OSWEGO, NY – Local non-profit leaders in Oswego, Christina Wilson, executive director of Integrated Community Planning and Brandy Koproski, board president of the Oswego YMCA, are speaking out and standing up to the tobacco industry in an effort to end tobacco use once and for all.
Their efforts are part of national Kick Butts Day (March 18) where they joined youth from around the country to voice their concerns about tobacco marketing and the impact it has on their community.
“Tobacco use is still a big problem in New York State and we want to support the generation that ends it, said Joseph Wicks, coordinator of community engagement of Tobacco Free CNY. “We know that tobacco marketing at retail locations is a primary cause of youth smoking and we’re asking for help from our community leaders to join with us and declare enough is enough.”
To underscore its message, Reality Check of CNY presented about Kick Butts Day and tobacco prevention to the youth at the Oswego YMCA. Kick Butts Day is a national day of activism that empowers youth to stand out, speak up and seize control against Big Tobacco.
The students all signed postcards and a giant poster declaring that they will not be a replacement for the tobacco companies.
In addition to this local event, Reality Check youth advocates and leaders gathered in Albany on Kick Butts Day to announce the winners of the New York State Youth Advocate of the Year Awards and 4 regional winners from Western New York, Central New York, the Capital Region and New York City.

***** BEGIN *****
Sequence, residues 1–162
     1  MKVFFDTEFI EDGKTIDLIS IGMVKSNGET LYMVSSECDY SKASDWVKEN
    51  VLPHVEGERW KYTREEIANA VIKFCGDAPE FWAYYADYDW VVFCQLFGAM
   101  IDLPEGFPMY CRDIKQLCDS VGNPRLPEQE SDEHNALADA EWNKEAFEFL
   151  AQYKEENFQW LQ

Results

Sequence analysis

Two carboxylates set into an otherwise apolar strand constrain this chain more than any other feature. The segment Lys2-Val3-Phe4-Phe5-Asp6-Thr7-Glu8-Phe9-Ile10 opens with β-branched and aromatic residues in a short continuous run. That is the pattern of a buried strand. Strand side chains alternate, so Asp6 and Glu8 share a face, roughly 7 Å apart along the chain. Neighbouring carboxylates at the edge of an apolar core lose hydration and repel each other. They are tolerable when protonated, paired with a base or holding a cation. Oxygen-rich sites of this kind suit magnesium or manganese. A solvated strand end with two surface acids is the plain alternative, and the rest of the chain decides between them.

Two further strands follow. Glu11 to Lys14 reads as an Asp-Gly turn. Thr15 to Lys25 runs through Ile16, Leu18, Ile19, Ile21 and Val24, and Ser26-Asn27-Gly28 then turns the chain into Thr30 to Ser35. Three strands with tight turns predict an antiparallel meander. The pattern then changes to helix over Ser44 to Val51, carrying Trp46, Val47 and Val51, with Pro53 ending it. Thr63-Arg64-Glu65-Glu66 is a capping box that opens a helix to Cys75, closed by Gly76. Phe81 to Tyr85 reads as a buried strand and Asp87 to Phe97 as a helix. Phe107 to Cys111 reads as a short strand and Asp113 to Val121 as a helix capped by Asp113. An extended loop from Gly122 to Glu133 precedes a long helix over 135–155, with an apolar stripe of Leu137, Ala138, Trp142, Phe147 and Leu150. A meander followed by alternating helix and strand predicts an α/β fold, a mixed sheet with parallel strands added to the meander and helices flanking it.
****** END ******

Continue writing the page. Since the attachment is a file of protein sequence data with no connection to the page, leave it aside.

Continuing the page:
These outstanding young advocates have demonstrated commitment, resolve and determination to advocate against the tobacco industry and spend time and energy to make their communities healthier.
Since 2001, Reality Check youth advocates have been working to educate community leaders and their peers about the manipulative tactics of the tobacco industry to recruit youth to become the next generation of replacement smokers.
According to the 2014 Surgeon General’s Report, if current smoking rates continue, 5.6 million Americans younger than 18 who are alive today are projected to die prematurely from smoking-related disease.
In New York State, 108,500 high school students smoke cigarettes and each year more than 13,500 kids under 18 become new daily smokers.
A study released last month by the American Cancer Society has found that smoking’s toll on health is even worse than previously thought.
The study found five additional diseases attributable to smoking and estimated that an additional 60,000 people die every year in the U.S. due to tobacco use, bringing the total annual death toll to 540,000.
In New York State, 82% of retailers including pharmacies, convenience stores and bodegas dedicate at least half of the space behind the checkout counter to openly visible tobacco products.
The Campaign for Tobacco-Free Kids sponsors Kick Butts Day.
As part of this national day of youth activism, there are more than 1,000 events in schools and communities across the United States and around the world.
For more information about the harmful effects of tobacco marketing in retail stores, visit www.seenenoughtobacco.org